The end of the 2016 spring term saw student chemistry conferences taking place across Canada, showcasing the ingenuity and drive of these future chemists.
This past March, technology students in Western Canada were invited to participate in the 14th Western Chemical Technology Symposium at Calgary’s Southern Alberta Institute of Technology (SAIT). Participating students competed in poster and oral competitions, were treated to a tour of the SAIT chemical laboratory facilities and received valuable advice from keynote speaker Tony Ciarla, vice-president of KLS Earthworks and Environmental, on potential career paths in chemical technology. All student participants received a Canadian Society for Chemical Technology (CSCT) membership.
Trent University in Peterborough hosted about 60 undergraduate students and professors at the 44th Southern Ontario Undergraduate Student Chemistry Conference this past April. The day featured several concurrent technical sessions, a poster competition and an awards banquet that wound down with some spontaneous karaoke.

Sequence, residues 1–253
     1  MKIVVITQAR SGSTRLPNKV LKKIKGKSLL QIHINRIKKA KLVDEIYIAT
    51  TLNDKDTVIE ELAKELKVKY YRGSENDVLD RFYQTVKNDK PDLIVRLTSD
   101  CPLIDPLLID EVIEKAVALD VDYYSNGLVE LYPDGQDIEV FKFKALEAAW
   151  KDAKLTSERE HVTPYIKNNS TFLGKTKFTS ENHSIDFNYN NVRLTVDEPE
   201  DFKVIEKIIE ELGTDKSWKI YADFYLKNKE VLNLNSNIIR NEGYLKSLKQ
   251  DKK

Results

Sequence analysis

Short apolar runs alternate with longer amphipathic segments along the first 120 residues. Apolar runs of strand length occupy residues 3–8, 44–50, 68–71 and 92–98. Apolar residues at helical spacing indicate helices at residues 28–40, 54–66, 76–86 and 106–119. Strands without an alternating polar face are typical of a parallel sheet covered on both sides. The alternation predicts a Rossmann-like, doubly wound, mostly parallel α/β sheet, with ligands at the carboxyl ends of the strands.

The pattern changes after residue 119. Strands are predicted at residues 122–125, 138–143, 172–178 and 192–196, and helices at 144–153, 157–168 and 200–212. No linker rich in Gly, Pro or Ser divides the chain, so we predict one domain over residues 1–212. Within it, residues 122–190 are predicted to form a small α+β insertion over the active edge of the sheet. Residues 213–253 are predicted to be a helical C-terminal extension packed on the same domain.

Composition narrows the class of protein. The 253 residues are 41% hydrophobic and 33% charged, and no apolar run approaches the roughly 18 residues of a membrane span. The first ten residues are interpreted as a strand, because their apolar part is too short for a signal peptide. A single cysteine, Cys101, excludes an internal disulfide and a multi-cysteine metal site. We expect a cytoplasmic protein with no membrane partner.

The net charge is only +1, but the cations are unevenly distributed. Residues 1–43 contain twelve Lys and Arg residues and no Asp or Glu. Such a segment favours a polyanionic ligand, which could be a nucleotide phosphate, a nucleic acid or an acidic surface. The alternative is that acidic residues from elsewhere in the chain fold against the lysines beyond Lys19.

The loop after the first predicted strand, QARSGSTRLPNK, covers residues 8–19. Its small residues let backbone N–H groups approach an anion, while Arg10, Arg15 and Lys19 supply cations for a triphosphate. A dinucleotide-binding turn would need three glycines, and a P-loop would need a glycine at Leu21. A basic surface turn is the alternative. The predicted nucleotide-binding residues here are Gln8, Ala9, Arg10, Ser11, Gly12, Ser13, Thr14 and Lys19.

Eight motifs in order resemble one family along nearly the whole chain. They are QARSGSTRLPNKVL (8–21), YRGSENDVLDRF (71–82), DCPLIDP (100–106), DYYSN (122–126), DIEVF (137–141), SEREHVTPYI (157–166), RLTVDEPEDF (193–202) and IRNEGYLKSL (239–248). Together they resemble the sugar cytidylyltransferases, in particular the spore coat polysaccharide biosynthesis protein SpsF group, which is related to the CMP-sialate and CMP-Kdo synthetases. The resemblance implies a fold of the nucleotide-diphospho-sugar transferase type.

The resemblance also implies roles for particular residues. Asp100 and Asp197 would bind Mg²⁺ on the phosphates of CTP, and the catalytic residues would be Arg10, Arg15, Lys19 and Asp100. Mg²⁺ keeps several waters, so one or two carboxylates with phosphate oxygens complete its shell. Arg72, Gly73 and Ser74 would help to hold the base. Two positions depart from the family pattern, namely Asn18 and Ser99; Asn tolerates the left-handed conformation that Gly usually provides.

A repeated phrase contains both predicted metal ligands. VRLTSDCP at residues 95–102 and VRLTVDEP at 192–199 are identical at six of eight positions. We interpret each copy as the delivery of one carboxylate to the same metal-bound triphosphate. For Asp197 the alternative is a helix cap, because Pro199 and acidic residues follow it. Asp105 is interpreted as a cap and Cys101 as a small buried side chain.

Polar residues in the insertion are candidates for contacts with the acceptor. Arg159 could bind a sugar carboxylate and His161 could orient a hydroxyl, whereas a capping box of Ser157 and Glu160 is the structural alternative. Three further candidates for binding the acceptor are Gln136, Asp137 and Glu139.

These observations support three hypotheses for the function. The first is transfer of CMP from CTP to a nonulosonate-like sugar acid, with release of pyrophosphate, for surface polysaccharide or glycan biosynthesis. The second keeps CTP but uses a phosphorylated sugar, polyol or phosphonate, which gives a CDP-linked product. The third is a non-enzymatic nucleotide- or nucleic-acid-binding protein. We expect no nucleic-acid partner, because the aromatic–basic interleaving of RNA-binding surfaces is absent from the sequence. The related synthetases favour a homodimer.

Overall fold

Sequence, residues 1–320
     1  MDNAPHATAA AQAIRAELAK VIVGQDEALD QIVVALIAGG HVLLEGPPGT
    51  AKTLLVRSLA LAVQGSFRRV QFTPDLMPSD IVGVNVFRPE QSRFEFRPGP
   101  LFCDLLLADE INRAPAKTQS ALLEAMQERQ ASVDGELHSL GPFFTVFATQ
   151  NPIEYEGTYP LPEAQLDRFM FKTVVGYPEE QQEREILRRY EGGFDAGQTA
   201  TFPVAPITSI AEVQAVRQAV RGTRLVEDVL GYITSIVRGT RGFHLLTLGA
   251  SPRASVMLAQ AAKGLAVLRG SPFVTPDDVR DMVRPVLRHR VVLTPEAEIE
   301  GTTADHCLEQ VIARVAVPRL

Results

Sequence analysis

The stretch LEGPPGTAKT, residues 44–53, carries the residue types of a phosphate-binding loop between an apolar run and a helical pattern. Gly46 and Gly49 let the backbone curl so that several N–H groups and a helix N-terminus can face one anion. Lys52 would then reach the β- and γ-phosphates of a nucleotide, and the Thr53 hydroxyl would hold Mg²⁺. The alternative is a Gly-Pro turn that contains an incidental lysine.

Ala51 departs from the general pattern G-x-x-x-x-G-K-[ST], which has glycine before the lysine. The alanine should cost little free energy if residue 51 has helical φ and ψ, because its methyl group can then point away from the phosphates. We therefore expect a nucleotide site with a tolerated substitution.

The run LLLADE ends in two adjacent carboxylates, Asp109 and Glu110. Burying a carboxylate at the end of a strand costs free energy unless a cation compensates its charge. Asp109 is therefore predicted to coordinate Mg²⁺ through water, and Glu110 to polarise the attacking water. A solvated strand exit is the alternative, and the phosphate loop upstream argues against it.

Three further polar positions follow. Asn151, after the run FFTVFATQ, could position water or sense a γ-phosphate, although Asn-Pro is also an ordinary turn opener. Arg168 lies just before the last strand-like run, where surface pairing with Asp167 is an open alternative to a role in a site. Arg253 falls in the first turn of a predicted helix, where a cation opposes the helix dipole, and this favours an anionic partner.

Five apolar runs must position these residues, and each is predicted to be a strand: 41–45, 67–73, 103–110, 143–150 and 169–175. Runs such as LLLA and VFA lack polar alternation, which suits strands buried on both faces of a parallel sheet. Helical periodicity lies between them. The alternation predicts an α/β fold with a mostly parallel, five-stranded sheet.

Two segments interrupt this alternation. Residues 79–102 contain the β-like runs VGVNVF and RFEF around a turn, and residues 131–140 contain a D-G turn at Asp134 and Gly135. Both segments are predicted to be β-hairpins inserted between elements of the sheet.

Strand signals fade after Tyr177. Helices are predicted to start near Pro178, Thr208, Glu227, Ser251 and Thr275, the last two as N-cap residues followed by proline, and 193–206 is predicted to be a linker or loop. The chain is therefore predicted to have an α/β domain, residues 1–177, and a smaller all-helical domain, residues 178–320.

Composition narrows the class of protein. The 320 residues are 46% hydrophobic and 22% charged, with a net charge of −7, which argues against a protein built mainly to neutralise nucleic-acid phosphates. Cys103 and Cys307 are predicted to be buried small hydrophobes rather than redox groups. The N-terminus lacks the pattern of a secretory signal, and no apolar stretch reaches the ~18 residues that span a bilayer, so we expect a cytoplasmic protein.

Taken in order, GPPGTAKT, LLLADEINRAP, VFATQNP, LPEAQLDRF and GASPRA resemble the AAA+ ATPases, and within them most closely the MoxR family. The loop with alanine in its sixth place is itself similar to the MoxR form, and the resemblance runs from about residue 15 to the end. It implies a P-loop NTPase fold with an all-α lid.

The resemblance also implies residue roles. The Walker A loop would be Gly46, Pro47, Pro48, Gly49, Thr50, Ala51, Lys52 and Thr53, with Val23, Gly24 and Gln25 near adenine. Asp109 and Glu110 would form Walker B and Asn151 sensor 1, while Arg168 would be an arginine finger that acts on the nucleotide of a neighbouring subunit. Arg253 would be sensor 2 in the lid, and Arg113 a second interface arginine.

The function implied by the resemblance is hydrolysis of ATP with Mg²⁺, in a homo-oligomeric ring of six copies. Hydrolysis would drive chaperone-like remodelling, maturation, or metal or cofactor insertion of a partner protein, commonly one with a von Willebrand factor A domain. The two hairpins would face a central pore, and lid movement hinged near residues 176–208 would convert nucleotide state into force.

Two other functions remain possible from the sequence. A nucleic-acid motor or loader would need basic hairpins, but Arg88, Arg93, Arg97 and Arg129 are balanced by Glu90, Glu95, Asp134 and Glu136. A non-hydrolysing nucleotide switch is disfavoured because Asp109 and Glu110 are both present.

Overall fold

In early May, students from Saskatchewan, Manitoba, Alberta and British Columbia gathered at Winnipeg’s University of Manitoba for the 30th Western Canadian Undergraduate Chemistry Conference (WCUCC). Plenary lectures encompassed a wide range of topics, from the bioaccumulation of polychlorinated biphenyls in aquatic life to the organic chemistry of interstellar space. Social events featured a dinner at the Old Spaghetti Factory, near the Forks National Historic Site, an awards banquet and a closing karaoke mixer, during which students, guest speakers and professors tested their knowledge of the karaoke classics. WCUCC 2017 will take place at the University of Alberta in Edmonton.
Following close on the heels of WCUCC was the graduate student run Green Chemistry Initiative (GCI) Symposium: Innovations in Chemistry Towards Sustainable Urban Living, held in May in Toronto. Ninety students from coast to coast came together for a crash course in green chemistry and to hear lecturers from Xerox Research Centre of Canada, BASF and SWITCH Materials, as well as the renowned “father of green chemistry” John Warner. The symposium also featured a student poster session and networking opportunities.